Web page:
David Stocks, who passed away at age 87 at his Penticton home on Sept. 26, 2020, directed $50,000 in his will to the South Okanagan Similkameen Medical Foundation.
David was the youngest child of Lumb and Marion Stocks and the brother of the late Jack Stocks, who preserved an extensive collection of photographs from the early-to-mid 1900s in what is known as the Stocks Family Collection. Born in Penticton, David spent much of his early school years at a boarding school in Vernon. He eventually became an accountant, living in Vancouver, Toronto and other cities before returning to Penticton.
Brian Wilson, executive director of the Okanagan Archives Trust Society, said he first met David in 1979 after Jack Stocks passed away from cancer. Jack had taken over the Stocks Cameras shop in downtown Penticton following their father’s death in 1948. “Most of the historical information we have in our (Archives Trust) Society is basically from that period when Jack was a very prolific photographer,” Wilson said.
Following his brother’s death, David Stocks asked Wilson to help him assess all the photos kept at the shop. “We discovered 180,000 negatives and photographs in the basement of the store – all well-catalogued and in boxes,” he said. “I then took all those negatives and photos and sorted them.”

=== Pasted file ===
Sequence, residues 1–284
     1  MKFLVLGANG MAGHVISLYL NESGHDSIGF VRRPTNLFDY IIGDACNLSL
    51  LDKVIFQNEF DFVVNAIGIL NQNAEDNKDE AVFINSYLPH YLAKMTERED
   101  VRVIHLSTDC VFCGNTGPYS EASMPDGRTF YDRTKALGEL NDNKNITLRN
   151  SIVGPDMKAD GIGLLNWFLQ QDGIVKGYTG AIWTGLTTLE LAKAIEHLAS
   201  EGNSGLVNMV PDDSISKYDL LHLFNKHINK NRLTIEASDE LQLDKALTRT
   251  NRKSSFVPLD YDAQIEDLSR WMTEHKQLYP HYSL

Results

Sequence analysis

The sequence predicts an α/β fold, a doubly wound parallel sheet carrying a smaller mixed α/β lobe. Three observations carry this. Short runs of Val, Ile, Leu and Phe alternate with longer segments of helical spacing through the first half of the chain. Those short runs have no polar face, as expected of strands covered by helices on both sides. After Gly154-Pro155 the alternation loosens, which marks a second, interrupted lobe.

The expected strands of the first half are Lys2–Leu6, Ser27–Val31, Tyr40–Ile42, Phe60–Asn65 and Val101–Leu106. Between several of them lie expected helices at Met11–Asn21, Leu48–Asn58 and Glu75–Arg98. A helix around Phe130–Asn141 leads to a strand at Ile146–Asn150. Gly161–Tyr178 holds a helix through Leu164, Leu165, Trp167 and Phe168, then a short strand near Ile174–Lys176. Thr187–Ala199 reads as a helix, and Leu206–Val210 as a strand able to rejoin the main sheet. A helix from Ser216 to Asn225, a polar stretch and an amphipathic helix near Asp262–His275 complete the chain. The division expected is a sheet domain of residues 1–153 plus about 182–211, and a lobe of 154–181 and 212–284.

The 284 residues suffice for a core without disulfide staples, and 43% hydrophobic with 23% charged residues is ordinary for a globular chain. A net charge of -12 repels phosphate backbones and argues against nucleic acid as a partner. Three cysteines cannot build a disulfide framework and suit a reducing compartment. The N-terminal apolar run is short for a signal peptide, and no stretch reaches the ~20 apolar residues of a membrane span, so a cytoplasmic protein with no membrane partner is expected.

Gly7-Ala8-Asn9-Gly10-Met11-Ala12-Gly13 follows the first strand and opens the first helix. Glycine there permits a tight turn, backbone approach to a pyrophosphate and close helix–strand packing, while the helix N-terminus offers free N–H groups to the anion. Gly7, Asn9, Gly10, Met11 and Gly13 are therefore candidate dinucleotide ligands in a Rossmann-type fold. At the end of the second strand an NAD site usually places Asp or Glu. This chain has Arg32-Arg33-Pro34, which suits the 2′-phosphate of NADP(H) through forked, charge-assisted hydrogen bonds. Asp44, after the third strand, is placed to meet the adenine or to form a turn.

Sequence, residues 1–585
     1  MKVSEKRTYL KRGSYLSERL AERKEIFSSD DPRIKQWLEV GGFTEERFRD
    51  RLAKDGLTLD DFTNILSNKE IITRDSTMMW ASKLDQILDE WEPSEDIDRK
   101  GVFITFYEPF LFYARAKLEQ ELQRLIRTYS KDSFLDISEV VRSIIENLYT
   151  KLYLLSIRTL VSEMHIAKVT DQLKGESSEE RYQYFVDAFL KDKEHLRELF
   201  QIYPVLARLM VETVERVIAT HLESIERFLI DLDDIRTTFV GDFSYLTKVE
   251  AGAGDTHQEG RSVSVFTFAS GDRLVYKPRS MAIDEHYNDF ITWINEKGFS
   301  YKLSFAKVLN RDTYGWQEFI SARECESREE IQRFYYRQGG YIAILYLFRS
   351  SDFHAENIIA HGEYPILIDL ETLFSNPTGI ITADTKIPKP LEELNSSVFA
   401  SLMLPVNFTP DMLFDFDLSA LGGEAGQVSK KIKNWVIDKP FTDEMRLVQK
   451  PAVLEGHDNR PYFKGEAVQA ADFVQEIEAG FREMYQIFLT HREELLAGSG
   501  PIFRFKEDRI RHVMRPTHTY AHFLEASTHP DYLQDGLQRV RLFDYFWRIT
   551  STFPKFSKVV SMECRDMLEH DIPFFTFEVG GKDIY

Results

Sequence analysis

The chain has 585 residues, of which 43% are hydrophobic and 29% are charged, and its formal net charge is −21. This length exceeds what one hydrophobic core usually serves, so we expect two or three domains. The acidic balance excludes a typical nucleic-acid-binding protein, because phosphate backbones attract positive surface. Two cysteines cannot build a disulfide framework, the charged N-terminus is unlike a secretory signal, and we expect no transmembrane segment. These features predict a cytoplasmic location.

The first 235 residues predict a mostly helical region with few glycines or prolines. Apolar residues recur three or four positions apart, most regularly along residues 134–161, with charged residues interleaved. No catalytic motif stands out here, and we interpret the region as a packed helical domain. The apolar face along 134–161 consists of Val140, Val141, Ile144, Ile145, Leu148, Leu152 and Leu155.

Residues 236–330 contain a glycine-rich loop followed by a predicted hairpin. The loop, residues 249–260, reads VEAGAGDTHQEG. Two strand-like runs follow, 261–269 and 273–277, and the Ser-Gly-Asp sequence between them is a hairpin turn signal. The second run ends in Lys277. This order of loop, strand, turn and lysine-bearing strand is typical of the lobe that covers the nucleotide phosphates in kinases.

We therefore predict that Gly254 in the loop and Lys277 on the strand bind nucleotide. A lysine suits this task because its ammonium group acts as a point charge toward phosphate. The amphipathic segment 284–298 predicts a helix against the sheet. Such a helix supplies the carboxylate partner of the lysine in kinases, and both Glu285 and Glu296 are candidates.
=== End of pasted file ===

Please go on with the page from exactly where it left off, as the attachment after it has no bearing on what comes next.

Many of them were family photographs from the Stocks’ customers over the years. However, others were of much more significant historical importance – also involving other photographers from the early 1900s.
“It was about 60 years of history which they had kept together in one place, which is a miracle actually. We sorted it down to a collection of about 5,000 pieces which were of historical importance.”
A few years later, David Stocks approached Wilson again to create a more formal catalogue of the Stocks photos which was presented to the Penticton Museum. David and some other local photographers later decided to establish the Okanagan Archives Trust, with Brian Wilson becoming its executive-director.
David Stocks was very aware of the historical significance of the family’s photo collection and was proud to help preserve it. A Stocks photo looking north over Okanagan Lake was depicted on the back of the Canadian $100 bill for many years, after being purchased by the federal mint.
“Penticton would not have a real record of its history – everything from Native folks to people working, to the boats, trains and planes – if not for this amazing collection,” Wilson said.
David Stocks also became involved in the SS Sicamous Restoration Society, acquiring the salon of the SS Okanagan paddlewheeler and helping fund the restoration of CN Tug No. 6, now moored beside the Sicamous.
David also sang with the Naramata Choir for a number of years, as well as men’s choirs in Toronto and Vancouver. The Stocks Chair at Apex Resort is named after Jack Stocks, who was active in Scouting and Apex during its early years. David Stocks’ health declined in recent years and he spent considerable time in hospital which was a key reason he donated to PRH through the SOS Medical Foundation.
The colourized photo of Skaha Lake (shown at top) from years ago is part of the Stocks Family Collection.